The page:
Everyday Poems: #1, “Memories of the Future Past”

Dusk

It all started in eighth grade…I think. I’d been secretly enjoying poetry since fifth grade, but in Junior High I started writing my own. Unfortunately they were not very kind. I was trying to be funny and that meant making fun of other kids. But even in the midst of those sins, something happened that was good.

A few kids liked them. They worked.

And so for years, I wrote and wrote and wrote and sometimes let my parents read themĀ  and sometimes I would present one to a girl. And those all mimicked U2 lyrics probably. I still have those notebooks but I am terrified of opening them.

My love of reading and writing poetry can wax and wane. But there is always a current underneath, longing to read and write a line that stretches out and up into the reality we all know is there but just don’t have words for.

Starting today, I’m going to post a poem everyday. I’ve got enough in my bag to get through a few months. Some will be really short because I love short poems packed with lots of meaning. Some will be serious and every now again, there will be levity. My hope is just like that poem making fun of my friend Scott in eighth grade, these will be hospitable for those not all that used to reading poems outside of a greeting card.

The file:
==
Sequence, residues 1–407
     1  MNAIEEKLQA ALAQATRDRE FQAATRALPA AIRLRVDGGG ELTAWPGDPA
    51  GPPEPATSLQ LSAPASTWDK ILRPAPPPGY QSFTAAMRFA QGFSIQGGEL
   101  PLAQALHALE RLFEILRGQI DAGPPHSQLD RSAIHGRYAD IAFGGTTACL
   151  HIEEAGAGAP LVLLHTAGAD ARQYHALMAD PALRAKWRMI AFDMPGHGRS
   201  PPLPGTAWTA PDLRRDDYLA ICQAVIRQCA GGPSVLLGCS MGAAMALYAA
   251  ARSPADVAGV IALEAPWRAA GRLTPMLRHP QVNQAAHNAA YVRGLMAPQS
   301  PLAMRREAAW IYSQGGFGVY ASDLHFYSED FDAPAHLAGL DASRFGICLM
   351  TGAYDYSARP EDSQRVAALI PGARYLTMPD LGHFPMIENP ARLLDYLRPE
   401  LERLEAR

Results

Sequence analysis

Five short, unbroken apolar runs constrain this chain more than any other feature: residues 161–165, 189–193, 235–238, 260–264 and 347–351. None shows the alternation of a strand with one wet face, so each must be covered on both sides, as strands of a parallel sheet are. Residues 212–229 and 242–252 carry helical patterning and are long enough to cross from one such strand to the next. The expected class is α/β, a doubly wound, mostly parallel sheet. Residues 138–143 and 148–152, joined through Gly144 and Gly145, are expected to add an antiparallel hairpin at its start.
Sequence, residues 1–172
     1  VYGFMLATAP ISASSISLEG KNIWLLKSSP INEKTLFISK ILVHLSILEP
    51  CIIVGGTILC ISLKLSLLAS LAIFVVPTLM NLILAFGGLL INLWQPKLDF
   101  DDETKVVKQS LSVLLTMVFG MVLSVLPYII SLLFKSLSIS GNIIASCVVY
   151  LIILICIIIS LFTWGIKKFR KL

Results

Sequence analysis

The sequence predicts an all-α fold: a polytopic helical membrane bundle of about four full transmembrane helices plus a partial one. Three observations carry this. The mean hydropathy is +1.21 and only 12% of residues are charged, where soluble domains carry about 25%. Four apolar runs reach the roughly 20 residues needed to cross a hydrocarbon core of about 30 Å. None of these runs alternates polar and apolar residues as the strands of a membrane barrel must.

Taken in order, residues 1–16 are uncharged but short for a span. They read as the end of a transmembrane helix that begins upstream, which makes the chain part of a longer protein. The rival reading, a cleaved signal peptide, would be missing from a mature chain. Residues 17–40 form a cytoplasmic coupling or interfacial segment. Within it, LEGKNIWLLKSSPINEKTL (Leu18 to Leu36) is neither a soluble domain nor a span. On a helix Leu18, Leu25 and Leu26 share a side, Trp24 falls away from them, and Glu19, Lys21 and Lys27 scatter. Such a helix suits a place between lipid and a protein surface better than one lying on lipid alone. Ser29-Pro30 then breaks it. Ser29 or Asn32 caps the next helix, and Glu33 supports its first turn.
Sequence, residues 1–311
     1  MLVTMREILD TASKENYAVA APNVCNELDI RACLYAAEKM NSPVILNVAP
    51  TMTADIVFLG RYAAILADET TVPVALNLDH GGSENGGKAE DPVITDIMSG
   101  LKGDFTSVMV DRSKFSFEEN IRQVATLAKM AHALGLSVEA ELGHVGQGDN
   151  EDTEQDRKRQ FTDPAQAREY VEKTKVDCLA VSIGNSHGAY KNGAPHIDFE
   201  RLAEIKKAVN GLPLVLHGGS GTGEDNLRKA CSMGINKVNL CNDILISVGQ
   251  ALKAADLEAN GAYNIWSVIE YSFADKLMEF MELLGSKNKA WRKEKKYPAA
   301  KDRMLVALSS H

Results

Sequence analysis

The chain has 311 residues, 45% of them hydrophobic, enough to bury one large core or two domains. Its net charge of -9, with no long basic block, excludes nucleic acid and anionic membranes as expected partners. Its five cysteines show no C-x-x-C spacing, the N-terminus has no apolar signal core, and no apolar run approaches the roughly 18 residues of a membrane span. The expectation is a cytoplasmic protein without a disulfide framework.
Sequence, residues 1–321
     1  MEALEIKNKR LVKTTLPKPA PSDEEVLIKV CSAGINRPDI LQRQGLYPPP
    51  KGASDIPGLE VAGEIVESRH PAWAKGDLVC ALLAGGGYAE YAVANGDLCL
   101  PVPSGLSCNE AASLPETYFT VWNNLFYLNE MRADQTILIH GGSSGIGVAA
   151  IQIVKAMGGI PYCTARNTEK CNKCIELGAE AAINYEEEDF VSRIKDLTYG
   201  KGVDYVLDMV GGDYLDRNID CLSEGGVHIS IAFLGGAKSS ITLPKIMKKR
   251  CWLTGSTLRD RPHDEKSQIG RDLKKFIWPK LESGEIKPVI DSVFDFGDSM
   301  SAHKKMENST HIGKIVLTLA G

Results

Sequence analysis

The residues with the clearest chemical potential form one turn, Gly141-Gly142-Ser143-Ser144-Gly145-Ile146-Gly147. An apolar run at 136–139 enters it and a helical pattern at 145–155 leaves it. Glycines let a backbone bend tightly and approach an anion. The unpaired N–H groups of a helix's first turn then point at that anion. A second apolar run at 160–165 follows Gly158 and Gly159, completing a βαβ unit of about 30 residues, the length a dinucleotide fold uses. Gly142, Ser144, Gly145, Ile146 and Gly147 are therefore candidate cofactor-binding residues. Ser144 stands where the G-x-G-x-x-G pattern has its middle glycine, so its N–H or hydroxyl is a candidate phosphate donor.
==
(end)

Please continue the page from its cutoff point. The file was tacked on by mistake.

Along the way, I will try to introduce you to some real poets.

This first poem goes back a few years. And I think the hope within it is of some value during this weird time. It’s got legs and maybe wings. Feel free to add in “fears from a pandemic” to the list.


Memories of the Future Past

Remember those summer nights
when you were young
and dusk hung in the air
like that kiss
from the girl around the corner?
And the fireflies
lit the yard of freshly cut grass?
And your dreams were bigger
and brighter than the mirror-ball moon
hanging among stars
you pretended to throw into the night sky?
One day.
One day, my friend.
It will come with no end.
And our parents
in all their forgotten strength
will lay down their newspapers
and their dish rags
and join you in the joy
as the screen door slams shut behind them.
The ice cream churn will hum
and the smell of the community pool
will lie thick upon your sunned skin
and you will crave the breeze traveling
fast like the trains
you hear down in the valley.
It will come with no end.
And the tears of cancer
and the tears of Alzheimers
and divorce
and all the broken-hearted times will end
and give way to a taut thread of moments
that taste like the honied memory of dusk unending.